In previous articles (Vol. 11 (13), Vol. 11 (20), Vol. 11(24)), I’ve discussed using band-steam to control plant diseases and weeds. Band-steaming is where steam is used to heat narrow strips of soil to temperature levels sufficient to kill soilborne pathogens and weed seed (>140 °F for > 20 minutes). The concept is showing good promise. This past season, three trials were conducted examining the efficacy of using steam for disease and weed control in Yuma, AZ. In the studies, steam was applied in a 4-inch-wide by 2-inch-deep band of soil centered on the seedline using a prototype band-steam applicator (Fig.1). The band-steam applicator is principally comprised of a 35 BHP steam generator mounted on top of an elongated bed shaper. The apparatus applies steam via shank injection and from cone shaped ports on top of the bed shaper.
Trial results were very encouraging as the prototype applicator was able to raise soil temperatures to target levels (140°F for >20 minutes) at viable travels speeds of 0.75 mph. Steam provided better than 80% weed control and significantly lowered hand weeding time by more than 2 hours per acre (Table 1). Results also showed that Fusarium colony forming units (CFU) were reduced from 2,600 in the control to 155 in the 0.75 mph and 53 in the 0.5 mph treatments, respectively (a more than 15-fold reduction). A significant difference in Fusarium wilt of lettuce disease incidence was not found, however disease infection at the field site was low (< 2%) and differences were not expected. At 0.5 mph, fuel costs were calculated to be $238/acre which was considered reasonable and consistent with the values reported by Fennimore et al. (2014).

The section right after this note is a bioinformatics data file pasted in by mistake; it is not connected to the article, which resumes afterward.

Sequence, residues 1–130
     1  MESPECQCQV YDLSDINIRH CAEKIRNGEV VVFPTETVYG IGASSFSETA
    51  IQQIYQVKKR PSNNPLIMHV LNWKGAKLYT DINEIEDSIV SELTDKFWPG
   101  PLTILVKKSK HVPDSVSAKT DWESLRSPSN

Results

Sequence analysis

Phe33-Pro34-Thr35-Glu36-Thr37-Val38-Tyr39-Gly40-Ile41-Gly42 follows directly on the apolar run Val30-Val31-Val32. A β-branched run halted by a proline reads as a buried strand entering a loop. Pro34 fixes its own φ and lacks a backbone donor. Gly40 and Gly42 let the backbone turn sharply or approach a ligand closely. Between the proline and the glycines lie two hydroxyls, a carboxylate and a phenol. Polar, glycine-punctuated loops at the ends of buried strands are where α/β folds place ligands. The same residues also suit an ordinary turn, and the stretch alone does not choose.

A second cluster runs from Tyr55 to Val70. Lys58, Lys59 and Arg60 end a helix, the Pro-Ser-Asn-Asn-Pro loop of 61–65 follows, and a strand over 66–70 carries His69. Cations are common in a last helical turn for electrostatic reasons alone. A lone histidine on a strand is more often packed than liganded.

An unexpected finding was that plants in steam treated plots appeared to be healthier and more vigorous than untreated plots (Fig. 2). This trial is still in progress and it will be interesting to see if this improved early growth translates into increases in crop yield.
In summary, early trial results are showing good promise for use of band-steam as a non-herbicidal method of pest control. We plan on conducting further trials in this multi-year study. If you are interested in evaluating the device on your farm and being part of the study please contact me. We are particularly interested in fields with a known history of Fusarium wilt of lettuce and/or Sclerotinia lettuce drop that will be planted to iceberg or romaine lettuce.